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Jan 22 (Reuters) - Protests against governments and banks have increased in some European countries as the global economy has deteriorated.
Here are details of some of the protests around Europe:
-- Police used teargas against anti-government protesters when a demonstration outside parliament turned violent on Thursday.
-- The parliament building has become the focus of anger against Prime Minister Geir Haarde's coalition government's handling of the financial crisis. Demonstrators have called for the prime minister and other senior officials to resign and his limousine was pelted with eggs by demonstrators on Wednesday.
-- Hundreds of Bulgarians demanded economic and social reforms in the face of a global slowdown on Wednesday in a second week of anti-government protests.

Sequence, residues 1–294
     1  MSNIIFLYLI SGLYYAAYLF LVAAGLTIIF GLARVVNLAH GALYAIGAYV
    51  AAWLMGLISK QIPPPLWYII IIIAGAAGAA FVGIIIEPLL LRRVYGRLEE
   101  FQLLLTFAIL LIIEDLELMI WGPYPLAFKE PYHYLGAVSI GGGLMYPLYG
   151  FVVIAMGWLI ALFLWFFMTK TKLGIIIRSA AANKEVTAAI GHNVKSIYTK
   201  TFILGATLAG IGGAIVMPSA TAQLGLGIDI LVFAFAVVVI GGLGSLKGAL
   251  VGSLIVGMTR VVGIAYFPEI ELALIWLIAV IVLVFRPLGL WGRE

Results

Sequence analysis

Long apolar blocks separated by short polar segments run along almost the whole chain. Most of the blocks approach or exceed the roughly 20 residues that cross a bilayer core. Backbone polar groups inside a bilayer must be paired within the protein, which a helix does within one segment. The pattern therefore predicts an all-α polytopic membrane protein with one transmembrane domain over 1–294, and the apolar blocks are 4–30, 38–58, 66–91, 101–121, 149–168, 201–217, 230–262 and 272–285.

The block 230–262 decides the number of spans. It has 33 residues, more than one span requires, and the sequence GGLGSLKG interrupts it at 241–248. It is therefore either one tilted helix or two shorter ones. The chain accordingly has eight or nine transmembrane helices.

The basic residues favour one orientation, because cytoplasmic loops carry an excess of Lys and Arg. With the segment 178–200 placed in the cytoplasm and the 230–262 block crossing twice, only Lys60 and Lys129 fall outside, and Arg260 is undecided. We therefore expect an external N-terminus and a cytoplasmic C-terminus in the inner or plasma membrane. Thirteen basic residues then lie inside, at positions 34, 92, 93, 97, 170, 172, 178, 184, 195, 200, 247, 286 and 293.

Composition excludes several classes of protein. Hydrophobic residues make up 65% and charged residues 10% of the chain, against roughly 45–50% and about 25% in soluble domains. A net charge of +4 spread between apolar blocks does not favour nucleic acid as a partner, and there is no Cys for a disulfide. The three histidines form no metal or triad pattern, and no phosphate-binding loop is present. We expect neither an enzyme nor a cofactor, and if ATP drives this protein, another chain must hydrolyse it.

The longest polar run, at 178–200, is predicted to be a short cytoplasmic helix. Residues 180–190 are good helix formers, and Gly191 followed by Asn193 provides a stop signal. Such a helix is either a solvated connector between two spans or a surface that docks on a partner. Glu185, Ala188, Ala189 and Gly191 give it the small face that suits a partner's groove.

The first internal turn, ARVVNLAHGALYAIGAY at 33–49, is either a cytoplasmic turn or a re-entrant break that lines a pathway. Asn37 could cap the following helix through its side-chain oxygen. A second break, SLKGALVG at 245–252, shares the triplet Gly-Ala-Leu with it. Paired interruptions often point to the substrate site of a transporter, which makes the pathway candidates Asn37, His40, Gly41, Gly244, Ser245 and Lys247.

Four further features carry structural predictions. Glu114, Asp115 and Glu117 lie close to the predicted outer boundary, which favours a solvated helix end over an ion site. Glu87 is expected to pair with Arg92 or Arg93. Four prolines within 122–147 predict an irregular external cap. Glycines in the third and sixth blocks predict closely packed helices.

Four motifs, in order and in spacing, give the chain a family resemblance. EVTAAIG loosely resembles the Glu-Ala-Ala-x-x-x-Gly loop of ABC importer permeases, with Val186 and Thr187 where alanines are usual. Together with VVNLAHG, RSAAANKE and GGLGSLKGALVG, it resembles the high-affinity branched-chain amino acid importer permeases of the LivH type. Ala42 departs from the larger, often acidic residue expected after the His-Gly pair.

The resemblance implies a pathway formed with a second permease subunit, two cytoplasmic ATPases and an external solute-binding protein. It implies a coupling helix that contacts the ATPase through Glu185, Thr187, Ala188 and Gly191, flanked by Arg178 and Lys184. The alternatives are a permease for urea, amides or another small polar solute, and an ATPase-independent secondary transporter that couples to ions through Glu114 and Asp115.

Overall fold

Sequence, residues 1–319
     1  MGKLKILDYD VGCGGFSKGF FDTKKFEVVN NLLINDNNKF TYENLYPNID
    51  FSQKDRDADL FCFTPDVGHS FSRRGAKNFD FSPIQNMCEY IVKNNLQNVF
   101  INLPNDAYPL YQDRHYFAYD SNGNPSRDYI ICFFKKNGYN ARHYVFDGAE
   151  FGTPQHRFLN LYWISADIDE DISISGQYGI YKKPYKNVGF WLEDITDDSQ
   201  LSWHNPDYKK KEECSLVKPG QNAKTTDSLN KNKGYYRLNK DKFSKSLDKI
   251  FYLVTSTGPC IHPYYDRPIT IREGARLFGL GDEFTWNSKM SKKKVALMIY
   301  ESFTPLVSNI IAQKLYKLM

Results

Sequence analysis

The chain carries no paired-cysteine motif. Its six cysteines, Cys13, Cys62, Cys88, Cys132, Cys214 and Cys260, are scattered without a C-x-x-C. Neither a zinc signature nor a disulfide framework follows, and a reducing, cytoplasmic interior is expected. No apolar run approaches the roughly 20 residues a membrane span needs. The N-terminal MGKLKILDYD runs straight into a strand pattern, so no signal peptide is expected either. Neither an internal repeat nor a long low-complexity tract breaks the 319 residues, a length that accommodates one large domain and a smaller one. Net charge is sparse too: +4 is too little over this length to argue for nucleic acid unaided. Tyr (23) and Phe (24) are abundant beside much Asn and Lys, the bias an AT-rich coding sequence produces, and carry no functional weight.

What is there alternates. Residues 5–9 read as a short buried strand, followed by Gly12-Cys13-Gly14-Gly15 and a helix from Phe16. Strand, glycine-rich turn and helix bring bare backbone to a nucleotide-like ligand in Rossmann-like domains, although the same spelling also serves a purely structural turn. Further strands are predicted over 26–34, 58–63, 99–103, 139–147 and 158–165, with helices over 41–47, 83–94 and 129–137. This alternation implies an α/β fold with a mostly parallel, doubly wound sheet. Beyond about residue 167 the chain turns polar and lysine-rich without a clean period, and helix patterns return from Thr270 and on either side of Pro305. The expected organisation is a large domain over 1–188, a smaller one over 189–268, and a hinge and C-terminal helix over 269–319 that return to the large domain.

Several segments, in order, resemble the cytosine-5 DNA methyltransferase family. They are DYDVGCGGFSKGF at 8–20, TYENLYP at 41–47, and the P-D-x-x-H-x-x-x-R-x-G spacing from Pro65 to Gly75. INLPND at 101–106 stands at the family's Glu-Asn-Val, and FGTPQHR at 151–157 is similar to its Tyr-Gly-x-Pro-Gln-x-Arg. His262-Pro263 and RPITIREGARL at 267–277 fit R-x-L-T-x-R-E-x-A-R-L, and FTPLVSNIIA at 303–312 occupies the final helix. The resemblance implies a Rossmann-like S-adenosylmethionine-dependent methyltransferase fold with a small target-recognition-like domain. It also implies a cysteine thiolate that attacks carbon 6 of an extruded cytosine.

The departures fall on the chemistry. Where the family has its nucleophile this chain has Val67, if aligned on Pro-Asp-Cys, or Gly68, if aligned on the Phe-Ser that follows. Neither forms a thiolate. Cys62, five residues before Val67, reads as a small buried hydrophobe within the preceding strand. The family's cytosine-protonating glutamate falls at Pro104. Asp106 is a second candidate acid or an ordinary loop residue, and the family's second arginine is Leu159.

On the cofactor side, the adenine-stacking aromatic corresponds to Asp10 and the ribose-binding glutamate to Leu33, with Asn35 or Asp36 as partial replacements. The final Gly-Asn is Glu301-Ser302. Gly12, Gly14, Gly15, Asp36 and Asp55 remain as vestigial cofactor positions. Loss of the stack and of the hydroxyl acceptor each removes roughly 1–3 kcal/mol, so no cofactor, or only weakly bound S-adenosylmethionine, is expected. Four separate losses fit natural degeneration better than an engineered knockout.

-- Students, teachers, green activists, doctors and public servants took part in the rally in front of parliament in Sofia, calling on the Socialist-led government to take action or step down. Many shouted "Mafia" and "Resign".
-- Last week hundreds of protesters clashed with police, smashed windows and damaged cars in Sofia when a rally against corruption and slow reforms in the face of the economic crisis turned into a riot.
-- High youth unemployment was a main driver for unrest in Greece, initially sparked by the police shooting of a youth in an Athens suburb. General unemployment runs just above the EU average at 7.4 percent but the figure is 21.2 percent for the 15-24 age group and 10.5 percent for those aged 25-34. The protest forced a government reshuffle.
-- Last week, a 10,000-strong protest in Latvia descended into a riot, some protesters trying to storm parliament before going on the rampage. Government steps to cut wages, as part of an austerity plan to win international aid, have angered people.
-- Police fired teargas last week to disperse demonstrators who pelted parliament with stones in protest at government cuts in social spending to offset an economic slowdown. Police said 80 people were detained and 20 injured during the violence.
-- Prime Minister Andrius Kubilius, who was only sworn in in December, said the violence would not stop an austerity plan launched after a slide in output and revenues.